As we climbed higher the rocks got larger and larger, we followed the reflective arrows that pointed to the sky. Back into the forest we went, soon to find another boulder lined section and at last we had reached the peak! The clouds had cleared and the view was remarkable! We were literally on top of the world, at least on top the Mt Maria that’s for sure. We looked down onto the the beautiful McRae Isthmus below separating Riedle Bay from Oyster Bay. The koolaid coloured water against the sandy beach and the contrast of green bush below created an incredible visual. We stopped for a snack and photo op before heading down. As we sat upon the peak and took in the contrasting 360 degree views we felt an overwhelming sense of accomplishment and joy.


On the way back to camp we spotted a furry critter in the bush, a common wombat. As we continued back to camp we startled another wombat in the bush, he ran onto the path in front of us and was not quite sure what to do with himself. We crept up close for a photo of the not so little critter. As the sun began to set the animals became more apparent, by the time we got back to camp we had seen 9 Wombats, 12 Pademelons, 5 Wallabies, 7 Forester Kangaroos, 6 Cape Barren Geese and countless others as the night went on. We cooked up dinner and headed off to bed soon to be startled by a rare Tasmania Devil minutes later. We got back up to see what the ferocious sound was about but didn’t quite catch a glimpse, off to bed we went. We awoke the next morning for a more leisurely day of breakfast, some beach combing and a stroll out to the Painted Cliffs just in time for low tide to catch the full view. We headed back to the mainland that afternoon after an amazing experience immersed in nature on an island where the animals are the only true residents and the vehicles are limited to 3 work trucks run by the ranger service.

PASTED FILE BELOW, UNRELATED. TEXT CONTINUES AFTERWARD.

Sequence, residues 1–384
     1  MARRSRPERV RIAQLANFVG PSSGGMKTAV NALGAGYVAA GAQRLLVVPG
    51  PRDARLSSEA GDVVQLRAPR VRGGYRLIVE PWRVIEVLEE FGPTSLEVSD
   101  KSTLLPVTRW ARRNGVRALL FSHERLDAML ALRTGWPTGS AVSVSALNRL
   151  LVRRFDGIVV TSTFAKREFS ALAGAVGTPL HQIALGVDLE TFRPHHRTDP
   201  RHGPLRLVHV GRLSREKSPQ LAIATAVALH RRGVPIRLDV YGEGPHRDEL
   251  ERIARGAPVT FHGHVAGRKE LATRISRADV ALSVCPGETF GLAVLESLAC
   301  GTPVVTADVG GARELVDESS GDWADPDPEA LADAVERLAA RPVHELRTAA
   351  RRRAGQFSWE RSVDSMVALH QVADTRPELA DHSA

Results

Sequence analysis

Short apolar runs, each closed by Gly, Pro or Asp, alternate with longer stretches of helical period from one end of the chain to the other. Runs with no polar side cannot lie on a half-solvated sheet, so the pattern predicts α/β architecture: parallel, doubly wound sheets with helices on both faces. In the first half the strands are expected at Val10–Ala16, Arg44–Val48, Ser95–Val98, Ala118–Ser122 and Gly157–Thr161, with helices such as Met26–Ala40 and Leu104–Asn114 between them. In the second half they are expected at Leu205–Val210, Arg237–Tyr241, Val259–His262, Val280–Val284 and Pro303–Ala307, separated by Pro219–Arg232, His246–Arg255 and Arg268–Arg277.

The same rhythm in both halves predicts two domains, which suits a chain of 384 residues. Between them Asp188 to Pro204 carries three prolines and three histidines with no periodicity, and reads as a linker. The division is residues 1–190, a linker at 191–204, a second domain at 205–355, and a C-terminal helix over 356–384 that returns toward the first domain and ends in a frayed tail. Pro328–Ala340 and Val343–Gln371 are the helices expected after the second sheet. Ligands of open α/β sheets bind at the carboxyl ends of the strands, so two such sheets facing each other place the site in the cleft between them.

We finished off our journey in Tasmania with some of the local sites in Hobart, including the amazing Mt. Wellington. This time we decided to give the legs a rest and drove the paved road all the way to the top of the 1,271m high mountain that overlooked the spanning city of Hobart below. We finished off our time in Hobart with a visit to MONA, the Museum of Old and New Art, created by David Walsh. This was Mr.Walsh’s private collection he shared with the public but ran the entire operation at a loss, or so I heard. Walsh made his money working out an algorithm to win in horse racing and won big he did. He renovated MONA several years ago spending over 75 million dollars in upgrades including a his own winery, brewery, stage and multiple restaurants on site as well as cafes. Not to mention the expansive art all throughout the property and museum itself. Many controversial and purely shocking pieces as well as so not well understood styles of art existed too. We enjoyed meandering through the buildings and exploring the property. We finished off in Hobart and headed back to Launceston to spend the last few days with friends and checked out a few local waterfalls, swimming holes and cooked some meals with friends before our departure.